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move - definition and synonyms

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verb     move pronunciation in American English
Word Forms
present tense
present participlemoving
past tensemoved
past participlemoved
  1. 1
    [intransitive/transitive] to change position, or to make someone or something change position

    Could you help me move the bookcase away from the wall?

    The boat was now moving swiftly over the water.

    It was so hot that I didn’t feel like moving.

    1. a.
      [intransitive] to go to a different place

      She moved quickly toward the door.

      move around (=to go from one place to another):

      We’ll be moving around a lot, and you may be unable to reach us.

    2. b.
      [intransitive/transitive] to change the position of objects that you use for playing games on boards

      I think you’ll find you only moved three squares instead of four.

  2. 3
    [intransitive] to begin to live in a different house or area

    We’re moving next week.

    move to:

    Jill’s moved to Boston.

    move house:

    Moving house can be quite a stressful experience.

  3. 4
    [intransitive] to begin doing something in order to achieve a goal or solve a problem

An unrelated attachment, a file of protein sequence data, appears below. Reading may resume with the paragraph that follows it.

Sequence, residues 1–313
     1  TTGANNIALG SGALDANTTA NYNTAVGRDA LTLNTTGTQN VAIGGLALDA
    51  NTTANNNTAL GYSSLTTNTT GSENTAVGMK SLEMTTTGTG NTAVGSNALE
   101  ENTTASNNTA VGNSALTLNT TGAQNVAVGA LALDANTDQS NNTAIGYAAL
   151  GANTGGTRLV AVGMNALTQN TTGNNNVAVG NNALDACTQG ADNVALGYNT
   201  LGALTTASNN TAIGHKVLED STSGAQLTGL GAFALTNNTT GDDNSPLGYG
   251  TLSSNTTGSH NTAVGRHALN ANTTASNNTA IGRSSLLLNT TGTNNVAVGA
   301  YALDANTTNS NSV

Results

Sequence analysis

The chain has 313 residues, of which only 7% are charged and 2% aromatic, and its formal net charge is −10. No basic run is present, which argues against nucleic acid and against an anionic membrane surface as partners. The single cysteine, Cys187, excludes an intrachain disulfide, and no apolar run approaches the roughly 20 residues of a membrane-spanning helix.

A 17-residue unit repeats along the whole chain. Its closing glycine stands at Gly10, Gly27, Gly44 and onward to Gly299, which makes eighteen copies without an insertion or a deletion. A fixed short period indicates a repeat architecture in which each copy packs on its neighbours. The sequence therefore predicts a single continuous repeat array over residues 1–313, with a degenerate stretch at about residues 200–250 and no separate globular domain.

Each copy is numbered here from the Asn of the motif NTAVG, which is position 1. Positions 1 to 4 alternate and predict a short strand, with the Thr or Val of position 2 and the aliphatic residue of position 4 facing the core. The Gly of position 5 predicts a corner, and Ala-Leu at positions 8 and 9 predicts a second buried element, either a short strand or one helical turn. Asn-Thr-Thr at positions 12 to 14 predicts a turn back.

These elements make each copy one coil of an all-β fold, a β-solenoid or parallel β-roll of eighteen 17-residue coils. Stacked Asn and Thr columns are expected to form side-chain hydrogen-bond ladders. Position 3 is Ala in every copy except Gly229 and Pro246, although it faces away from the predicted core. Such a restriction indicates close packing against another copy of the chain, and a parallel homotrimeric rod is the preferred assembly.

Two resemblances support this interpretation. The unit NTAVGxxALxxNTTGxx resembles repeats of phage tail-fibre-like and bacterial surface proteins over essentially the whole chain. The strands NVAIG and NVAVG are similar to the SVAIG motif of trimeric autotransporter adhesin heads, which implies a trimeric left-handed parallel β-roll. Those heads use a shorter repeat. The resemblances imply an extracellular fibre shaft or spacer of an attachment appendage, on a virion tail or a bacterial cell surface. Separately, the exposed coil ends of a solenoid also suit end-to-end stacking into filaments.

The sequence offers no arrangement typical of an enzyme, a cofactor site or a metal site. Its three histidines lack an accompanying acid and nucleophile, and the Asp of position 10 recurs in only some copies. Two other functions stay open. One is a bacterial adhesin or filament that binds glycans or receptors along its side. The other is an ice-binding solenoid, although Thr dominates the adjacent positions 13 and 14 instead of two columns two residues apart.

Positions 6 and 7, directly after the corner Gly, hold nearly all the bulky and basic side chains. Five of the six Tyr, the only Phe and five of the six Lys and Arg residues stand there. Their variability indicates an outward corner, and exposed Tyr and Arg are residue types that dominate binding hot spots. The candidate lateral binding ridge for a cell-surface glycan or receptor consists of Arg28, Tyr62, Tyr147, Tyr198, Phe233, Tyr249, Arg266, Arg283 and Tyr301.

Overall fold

4. 5
    [intransitive] to change from one subject to another in a discussion, speech, piece of writing, etc.

    We need to move to the next item on the agenda.

    1. a.
      [intransitive/transitive] to change from one activity, interest, situation, etc. to another
      move toward:

      The country has only recently begun moving toward democracy.

      move from/to:

      She moved from studying law to studying medicine.

    2. b.
      [transitive] to change the time or date of an event, meeting, activity, etc.

      I’d like to move my appointment to 9:30.

  5. 6
    [intransitive/transitive] to persuade someone to change their opinion or decision, or to be persuaded to change yours

    He refuses to move on the salary issue.

    1. a.
      [transitive] to influence someone to do something

      It was his anger that moved him to speak up.

      After her success, she felt moved to help other people.

  6. 7
    [transitive] to affect someone emotionally, especially by making them feel sad and serious

    You can’t fail to be moved by the plight of these people.

  7. 8
    [intransitive/transitive] informal to get rid of something by selling it

    We couldn’t move the stuff even at half the price.

  8. 9
    [intransitive] informal to go or travel very fast

    We’re really moving now!

  9. 10
    [intransitive/transitive] to make a formal proposal at a meeting or in court

    I move that we adjourn.

    move for:

    It’s likely the other side will move for a retrial.

  10. 11
    [intransitive] mainly spoken to leave a place

    It’s time to be moving.

  11. 12
    [intransitive] if you move in a particular world, circle, society, etc., you spend time with people who belong to that particular group or social class

    We move in such different circles that I’m surprised we ever met.

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to manipulate someone psychologically so that they begin to question their own perceptions and memories

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Dunning-Kruger effect

the phenomenon by which an incompetent person is too incompetent to understand his own incompetence

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